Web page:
Combating the Aggressive Life Style Inventory Essay

2353 Words Jan 5th, 2015 10 Pages
Combating the Aggressive Life Style Inventory and
Gaining Success in the Workplace
Glenn R
November 9, 2014

MGMT 591: Leadership and Organizational Behavior
Dr. Barbara Vallera
Keller Graduate School of Management of DeVry University

This paper explores the Life Styles Inventory (LSI) assessment and pitfalls of the competitive and approval management styles. In this evaluation, I also examine strengths and impacts of these styles. Specifically, how they can be utilized to benefit the organization and how these styles impact the four functions of management. This paper also reviews my circumplex (a person’s personal LSI profile) and critically evaluates and explains how these styles were developed. Through the course,
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This assessment challenges others to examine their individual mode of thinking and how it influences your behavior.
Upon completion of the LSI assessment, the results of my circumplex showed that I scored in the 99th percentile for the competition scale followed by affiliative scale in the 96th percentile. The competitive scale in particular associates self-worth with winning and losing, and has a high need of recognition and praise from others (“The Competitive Style”, 2014). While I was not shocked to see this as my primary selection, I was shocked to see how high I scored on the scale. However, after reviewing the LSI items listed by style, I could see how closely I related to pride, self-assertion, impressing others, and how I see everything as a challenge. I also scored high for the affiliative scale, noting that I also tend to see the best in others, have strong interpersonal relationships, and try to help others be successful. The affiliative scale measures the degree of commitment to forming and sustaining satisfying relationships (“The Affiliative Style”, 2014). I tend to find that I am well liked by co-workers and cooperate well with others.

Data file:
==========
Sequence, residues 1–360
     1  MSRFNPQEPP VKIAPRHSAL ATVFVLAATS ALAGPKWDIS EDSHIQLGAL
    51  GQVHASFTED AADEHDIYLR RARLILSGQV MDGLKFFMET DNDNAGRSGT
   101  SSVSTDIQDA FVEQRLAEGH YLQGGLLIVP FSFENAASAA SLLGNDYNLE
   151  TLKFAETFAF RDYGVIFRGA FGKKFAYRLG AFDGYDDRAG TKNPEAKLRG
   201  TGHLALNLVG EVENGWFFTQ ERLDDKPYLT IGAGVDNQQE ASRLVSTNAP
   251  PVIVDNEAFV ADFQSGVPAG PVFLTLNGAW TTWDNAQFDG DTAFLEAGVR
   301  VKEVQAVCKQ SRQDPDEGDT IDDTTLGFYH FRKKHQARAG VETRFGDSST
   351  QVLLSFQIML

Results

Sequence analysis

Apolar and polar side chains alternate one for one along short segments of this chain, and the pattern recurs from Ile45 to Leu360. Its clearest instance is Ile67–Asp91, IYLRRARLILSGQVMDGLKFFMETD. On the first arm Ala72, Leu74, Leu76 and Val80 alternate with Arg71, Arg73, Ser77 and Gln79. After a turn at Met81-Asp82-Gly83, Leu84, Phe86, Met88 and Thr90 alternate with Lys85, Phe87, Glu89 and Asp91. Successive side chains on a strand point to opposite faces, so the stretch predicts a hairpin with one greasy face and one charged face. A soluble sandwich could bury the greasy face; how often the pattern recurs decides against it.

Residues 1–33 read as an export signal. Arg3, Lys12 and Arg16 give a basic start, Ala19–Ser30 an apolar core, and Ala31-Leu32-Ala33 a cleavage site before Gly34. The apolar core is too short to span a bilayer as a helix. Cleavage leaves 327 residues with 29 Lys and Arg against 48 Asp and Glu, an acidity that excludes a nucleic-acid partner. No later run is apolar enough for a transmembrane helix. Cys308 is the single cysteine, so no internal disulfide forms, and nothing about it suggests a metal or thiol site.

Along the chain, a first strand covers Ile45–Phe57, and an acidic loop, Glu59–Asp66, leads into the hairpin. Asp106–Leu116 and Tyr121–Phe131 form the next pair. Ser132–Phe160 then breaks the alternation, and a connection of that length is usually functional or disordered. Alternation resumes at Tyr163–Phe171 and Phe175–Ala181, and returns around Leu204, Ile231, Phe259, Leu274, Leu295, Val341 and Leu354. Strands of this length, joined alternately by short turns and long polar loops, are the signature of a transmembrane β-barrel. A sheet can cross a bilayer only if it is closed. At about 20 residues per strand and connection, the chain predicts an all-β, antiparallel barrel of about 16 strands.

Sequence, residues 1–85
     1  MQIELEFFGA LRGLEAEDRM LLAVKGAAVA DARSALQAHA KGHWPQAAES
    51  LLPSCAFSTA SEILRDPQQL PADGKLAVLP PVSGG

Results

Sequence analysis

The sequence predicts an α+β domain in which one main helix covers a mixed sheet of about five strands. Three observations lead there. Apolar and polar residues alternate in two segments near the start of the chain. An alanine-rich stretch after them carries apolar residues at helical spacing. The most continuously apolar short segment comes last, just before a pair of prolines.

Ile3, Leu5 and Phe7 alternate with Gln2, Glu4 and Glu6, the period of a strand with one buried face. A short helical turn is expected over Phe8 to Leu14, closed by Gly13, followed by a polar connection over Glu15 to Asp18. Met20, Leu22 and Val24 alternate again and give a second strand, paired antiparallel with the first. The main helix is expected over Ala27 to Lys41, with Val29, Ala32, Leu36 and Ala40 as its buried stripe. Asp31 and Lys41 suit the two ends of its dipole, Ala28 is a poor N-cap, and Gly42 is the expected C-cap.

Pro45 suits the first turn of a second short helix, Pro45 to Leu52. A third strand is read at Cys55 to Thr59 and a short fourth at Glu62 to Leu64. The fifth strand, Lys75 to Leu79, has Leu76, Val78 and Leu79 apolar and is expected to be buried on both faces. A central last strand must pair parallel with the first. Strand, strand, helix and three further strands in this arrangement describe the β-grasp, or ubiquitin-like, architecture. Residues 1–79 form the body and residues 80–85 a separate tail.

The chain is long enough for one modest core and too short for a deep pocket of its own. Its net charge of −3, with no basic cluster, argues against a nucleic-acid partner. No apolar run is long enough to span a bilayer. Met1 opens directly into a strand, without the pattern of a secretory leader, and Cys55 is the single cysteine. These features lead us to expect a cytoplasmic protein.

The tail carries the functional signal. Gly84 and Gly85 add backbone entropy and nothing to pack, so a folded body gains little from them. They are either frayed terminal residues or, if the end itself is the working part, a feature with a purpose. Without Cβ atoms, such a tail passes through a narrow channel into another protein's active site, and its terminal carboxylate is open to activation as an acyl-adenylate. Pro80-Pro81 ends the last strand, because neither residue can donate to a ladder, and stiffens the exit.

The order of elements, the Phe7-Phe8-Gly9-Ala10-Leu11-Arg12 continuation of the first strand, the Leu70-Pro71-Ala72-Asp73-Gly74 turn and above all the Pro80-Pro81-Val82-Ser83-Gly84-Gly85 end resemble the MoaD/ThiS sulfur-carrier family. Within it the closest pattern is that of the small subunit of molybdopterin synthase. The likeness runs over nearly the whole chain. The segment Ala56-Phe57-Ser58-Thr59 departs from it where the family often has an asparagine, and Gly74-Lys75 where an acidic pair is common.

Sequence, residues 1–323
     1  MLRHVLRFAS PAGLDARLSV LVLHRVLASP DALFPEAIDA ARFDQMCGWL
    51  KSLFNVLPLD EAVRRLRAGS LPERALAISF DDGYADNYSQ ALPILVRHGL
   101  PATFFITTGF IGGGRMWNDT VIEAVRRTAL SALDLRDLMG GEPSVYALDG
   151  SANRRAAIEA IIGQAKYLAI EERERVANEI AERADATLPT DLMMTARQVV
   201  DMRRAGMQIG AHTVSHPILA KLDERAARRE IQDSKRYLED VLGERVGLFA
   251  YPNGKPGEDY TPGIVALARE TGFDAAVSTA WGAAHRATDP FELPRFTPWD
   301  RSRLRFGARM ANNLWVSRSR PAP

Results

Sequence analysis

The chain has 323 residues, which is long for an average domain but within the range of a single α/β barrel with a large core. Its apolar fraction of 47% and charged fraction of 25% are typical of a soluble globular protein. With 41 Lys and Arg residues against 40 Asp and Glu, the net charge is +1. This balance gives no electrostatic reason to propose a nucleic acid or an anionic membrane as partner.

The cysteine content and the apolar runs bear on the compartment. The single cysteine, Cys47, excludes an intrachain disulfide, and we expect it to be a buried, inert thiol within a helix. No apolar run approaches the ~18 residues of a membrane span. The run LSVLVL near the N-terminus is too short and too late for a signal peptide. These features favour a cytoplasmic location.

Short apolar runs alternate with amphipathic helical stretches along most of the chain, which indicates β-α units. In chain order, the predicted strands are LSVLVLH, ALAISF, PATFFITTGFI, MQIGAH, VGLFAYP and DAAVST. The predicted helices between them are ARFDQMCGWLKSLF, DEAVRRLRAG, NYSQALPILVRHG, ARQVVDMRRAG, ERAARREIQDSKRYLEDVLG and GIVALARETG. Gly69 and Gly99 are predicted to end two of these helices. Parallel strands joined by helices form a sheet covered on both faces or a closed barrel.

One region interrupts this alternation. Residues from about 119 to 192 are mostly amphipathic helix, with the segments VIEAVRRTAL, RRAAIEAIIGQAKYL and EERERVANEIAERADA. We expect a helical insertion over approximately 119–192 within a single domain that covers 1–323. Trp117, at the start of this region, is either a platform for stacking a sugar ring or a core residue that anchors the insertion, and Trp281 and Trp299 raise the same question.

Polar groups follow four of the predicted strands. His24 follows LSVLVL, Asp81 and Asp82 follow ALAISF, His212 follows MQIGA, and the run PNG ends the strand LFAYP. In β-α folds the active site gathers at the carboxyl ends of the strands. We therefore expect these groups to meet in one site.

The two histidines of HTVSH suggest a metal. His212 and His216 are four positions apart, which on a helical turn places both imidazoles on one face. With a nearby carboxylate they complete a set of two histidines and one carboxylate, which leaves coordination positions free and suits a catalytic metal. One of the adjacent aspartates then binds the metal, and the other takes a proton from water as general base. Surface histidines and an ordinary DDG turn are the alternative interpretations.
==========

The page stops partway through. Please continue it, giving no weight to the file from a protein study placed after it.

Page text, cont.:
In the workplace, I am known widely for my successes and relationships. However, I am also known for how I am most concerned with other’s perceptions of me. This thirst and desire for positive recognition sometimes places me in a difficult position where I rush head-first into a

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